That’s it.

  22. Russell

    Let’s face it … in big biz or gov the bosses can say they must “protect” their shareholders and the unions can say they must “protect” their members. So there’s really no one who can make any transformative decisions at these proposed meetings.
    Now in small biz, every boss and worker must “protect” themselves. So they can make a transformative decisions without having to consult with someone. Instantly – no fuss!
    This is Negotiation 101 if they want to start talking about basic knowledge.
    And this is a very big difference that is totally lost on these clowns.
    It will keep the rent-seekers busy for a few months.
    Another Covid19 SafeApp in the making ..

  23. Roger

    Typical soft, wet lefty libs.

    We’ll see.

    It could also be this:

    Morrison – via someone who has gotten into his ear – knows that in a polity with compulsory voting elections are won by courting the middle, not the true believers. And the middle is instinctively cautious. Plus the individual entrepreneurship that fires small to medium business – the backbone of the economy – must be balanced against our history of collectivism. In this climate we’re unlikely to have as PM a Trump or even a Thatcher, but nor will we have a Shorten or a McManus. The best that can be done, then, is to build consensus to pursue incremental reforms via trade offs that can be justified in light of the common good (the “commonwealth”). That’s how Hawke – following good advice – set us up for 20+ years of economic growth.

    These are observations, not a voicing of approval, btw.

  24. Alex Davidson

    I watched some of his address to the Press Club. The only thing I remember was his reply to a journalist pointing out he is the third most highly-paid prime minister in the world, and asking, given that we are continually told “we are all in this together”, why he hasn’t taken a salary cut?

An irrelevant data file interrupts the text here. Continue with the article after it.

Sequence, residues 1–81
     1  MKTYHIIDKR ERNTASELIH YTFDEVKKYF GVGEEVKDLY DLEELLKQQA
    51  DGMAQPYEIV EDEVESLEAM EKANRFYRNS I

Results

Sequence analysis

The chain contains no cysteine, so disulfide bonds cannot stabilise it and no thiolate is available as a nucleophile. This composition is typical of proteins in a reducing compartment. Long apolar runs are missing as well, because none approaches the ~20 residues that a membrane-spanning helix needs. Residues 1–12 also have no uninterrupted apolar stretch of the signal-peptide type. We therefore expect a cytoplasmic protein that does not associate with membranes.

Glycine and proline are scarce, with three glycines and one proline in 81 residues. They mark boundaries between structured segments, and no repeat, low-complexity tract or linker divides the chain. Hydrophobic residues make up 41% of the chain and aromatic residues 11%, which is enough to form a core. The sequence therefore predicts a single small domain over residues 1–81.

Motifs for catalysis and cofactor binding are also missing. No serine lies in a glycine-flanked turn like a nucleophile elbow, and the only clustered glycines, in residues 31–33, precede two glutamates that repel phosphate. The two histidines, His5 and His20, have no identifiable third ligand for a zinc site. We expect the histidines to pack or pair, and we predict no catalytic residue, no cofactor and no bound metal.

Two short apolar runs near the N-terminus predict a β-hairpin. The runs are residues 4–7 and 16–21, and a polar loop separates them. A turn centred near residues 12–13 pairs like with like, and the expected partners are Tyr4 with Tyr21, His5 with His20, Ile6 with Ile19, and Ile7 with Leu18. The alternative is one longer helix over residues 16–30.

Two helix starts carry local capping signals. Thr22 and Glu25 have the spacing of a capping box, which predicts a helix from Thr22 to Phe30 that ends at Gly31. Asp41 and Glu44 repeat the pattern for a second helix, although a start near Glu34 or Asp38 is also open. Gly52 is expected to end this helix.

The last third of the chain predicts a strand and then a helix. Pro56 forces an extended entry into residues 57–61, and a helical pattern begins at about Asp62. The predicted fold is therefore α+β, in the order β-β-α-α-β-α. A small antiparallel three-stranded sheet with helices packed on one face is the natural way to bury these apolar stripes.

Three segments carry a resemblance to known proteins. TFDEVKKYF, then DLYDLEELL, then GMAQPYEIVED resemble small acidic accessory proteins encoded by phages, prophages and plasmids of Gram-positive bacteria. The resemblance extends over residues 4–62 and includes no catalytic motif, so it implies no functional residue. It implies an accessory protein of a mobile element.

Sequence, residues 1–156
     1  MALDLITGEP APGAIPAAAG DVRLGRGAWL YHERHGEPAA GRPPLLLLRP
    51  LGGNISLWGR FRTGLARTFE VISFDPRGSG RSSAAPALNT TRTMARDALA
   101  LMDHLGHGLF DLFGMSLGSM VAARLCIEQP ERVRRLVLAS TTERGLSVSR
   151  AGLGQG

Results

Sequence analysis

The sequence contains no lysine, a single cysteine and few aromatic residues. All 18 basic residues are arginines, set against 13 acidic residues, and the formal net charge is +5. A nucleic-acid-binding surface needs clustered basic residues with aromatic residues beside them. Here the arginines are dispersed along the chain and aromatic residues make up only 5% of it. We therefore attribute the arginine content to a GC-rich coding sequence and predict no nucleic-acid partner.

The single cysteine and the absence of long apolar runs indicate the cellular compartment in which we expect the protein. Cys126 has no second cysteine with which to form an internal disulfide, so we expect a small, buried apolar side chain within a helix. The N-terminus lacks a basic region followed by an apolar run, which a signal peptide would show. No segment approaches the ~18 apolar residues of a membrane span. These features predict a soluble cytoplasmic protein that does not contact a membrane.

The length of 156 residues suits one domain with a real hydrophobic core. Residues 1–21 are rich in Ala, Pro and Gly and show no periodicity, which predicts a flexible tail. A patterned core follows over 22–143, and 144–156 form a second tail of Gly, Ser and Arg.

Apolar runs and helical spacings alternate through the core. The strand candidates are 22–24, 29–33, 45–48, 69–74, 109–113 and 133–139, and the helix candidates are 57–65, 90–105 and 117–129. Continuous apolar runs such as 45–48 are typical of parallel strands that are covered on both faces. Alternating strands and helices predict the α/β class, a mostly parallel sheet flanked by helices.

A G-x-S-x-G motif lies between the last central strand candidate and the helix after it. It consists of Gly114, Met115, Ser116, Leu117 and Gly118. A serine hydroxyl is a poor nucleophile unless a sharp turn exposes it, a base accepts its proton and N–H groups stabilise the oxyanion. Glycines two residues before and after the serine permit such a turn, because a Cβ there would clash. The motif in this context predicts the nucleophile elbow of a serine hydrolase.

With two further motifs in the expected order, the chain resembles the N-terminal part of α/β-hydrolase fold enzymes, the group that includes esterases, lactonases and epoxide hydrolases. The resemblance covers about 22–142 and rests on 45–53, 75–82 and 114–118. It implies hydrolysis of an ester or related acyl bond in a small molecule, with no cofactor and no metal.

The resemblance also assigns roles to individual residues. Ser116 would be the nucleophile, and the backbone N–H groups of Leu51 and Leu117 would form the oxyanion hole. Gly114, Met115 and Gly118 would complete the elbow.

His reply, accompanied by a barely concealed smirk, was mostly meaningless babble – something about freezing public sector wages and the need to treat politicians equally. Pain for thee but not for me.

    This is what happens when we let governments become too big. They become a law unto themselves, free to treat us with contempt while they plunder and pillage with gay abandon.

  25. candy

    Words like “consensus” and “accord” were Bob Hawke’s words and did seem to resonate.

    Corporations getting along with Sally McManus etc. The union legislation designed to deal with crook union practices is cancelled as a bargaining chip as the first step towards the New Accord.

    Whether it all translates to Australia 2020 is the thing.

  26. Rohan

    #3464925, posted on May 26, 2020 at 7:30 pm

    Up next, Glorious Five Year Plan

    President Xi couldn’t have said it better. Neither could BorisG for that matter.

  27. Rohan

    “What makes the boat go faster?”



  28. Natural Instinct

    Mr Morrison has no idea how angry some people are. Angry because they are drowning in a flood of disappointment with his speech.

    1) And today I just want to focus on just two areas – skills and industrial relations.
    2) I will address the many other components of our JobMaker plan in the weeks and months ahead, as we proceed to the Budget in October. A process that is one of patiently putting each brick in the wall.
    3) This will occur simultaneously with managing the ongoing pandemic, let’s not lose sight of that, and addressing the right here, right now, needs of Australians who continue to be severely impacted.

    Item #3 for the whole hour was what I was expecting. Nothing more. Nothing less.
    On this blog, various writers have proposed plans. I thought I was going to get THE PLAN.
    Instead I got a bon mot of “Get economy out of ICU”.
    We are governed by fools out of touch with the real pain being felt by small business/employers.
    P.S. Some speach writer thought it would be you beaut to have these as the first 2 sentences of his speech.

    I begin by acknowledging the Ngunnawal people, their elders past, present, and those who are emerging.
    Can I also acknowledge any servicemen and women and veterans who may be joining us today either here or through the broadcast and can I simply say to you, thank you for your service.

    This from the man banned ANZAC day and who is putting the Aboriginals who work in tourism (NT, WA and QLD) out of work permanently.

  29. Hay Stockard

    I earnestly desire that someone would give that simpering tin eared buffoon an early mark. Arrogant elitist thunder COAT.

  30. OldOzzie

    “What makes the boat go faster?”

    Big Engines


    “Bigger Engines”

  31. Lee

    Yeah, I agree the IR talkfest has got danger written all over it.
    Five “working groups”?

    Just govern already. That’s what you were elected to do.

    I can only imagine the absolute derision that the late Margaret Thatcher would greet such talk as “working groups” and “consensus” with.
    But she actually believed in doing the job she was elected to, instead of buck-passing.

  32. Lee

    … or seeking approval.